On January 1, Oman began scaling back its petroleum output by 45,000 bpd, honoring its commitment to the deal signed by OPEC and non-OPEC members on December 10 in the hopes of stabilizing oil prices. Under the terms of the deal, the 14 members of the Organization of Petroleum Exporting Countries agree to cut their combined daily output by 1.2 million bpd, while non-OPEC signers will be cutting production by a total of 558,000 bpd. For Hamad al Rumhy, the tiny Gulf sultanate's minister for petroleum and natural gas, ''Oman's contribution is substantial, considering that our daily production will total some 970,000 barrels, compared to over 1 million during the previous period''.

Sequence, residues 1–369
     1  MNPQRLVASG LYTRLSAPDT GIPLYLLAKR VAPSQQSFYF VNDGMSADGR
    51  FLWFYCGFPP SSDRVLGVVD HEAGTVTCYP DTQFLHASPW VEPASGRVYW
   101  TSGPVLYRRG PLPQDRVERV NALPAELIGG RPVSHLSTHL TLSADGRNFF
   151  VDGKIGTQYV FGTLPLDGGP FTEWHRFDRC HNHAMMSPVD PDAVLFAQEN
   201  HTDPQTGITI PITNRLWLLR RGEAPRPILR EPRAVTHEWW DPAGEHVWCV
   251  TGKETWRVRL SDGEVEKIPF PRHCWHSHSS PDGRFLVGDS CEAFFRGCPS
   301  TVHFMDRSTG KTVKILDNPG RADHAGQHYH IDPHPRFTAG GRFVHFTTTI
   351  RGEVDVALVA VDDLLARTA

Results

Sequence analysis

Some observers expect many of the non-OPEC signers and some of the smaller OPEC members to only partially comply with the agreement, but according to Capital Economics analyst Thomas Pugh, ''the cuts have to be substantial enough to help rebalance the market''.
On prices, Reuters polled 29 experts to assess the projected performance of the 2017 oil market. The respondents predict that oil prices will rise but fail to surpass 60 dollars per barrel during the current year. However, they also project that the average price of crude will see constant growth. From the current 53.88 dollars, it should reach 59.68 by the end of the year.
Among the uncertainties in future scenarios is how US president-elect Donald Trump will act. If he succeeds in his plans to drastically reduce the business tax rate and eliminate taxation of US companies’ profits abroad, the oil market (and oil prices) could benefit a great deal.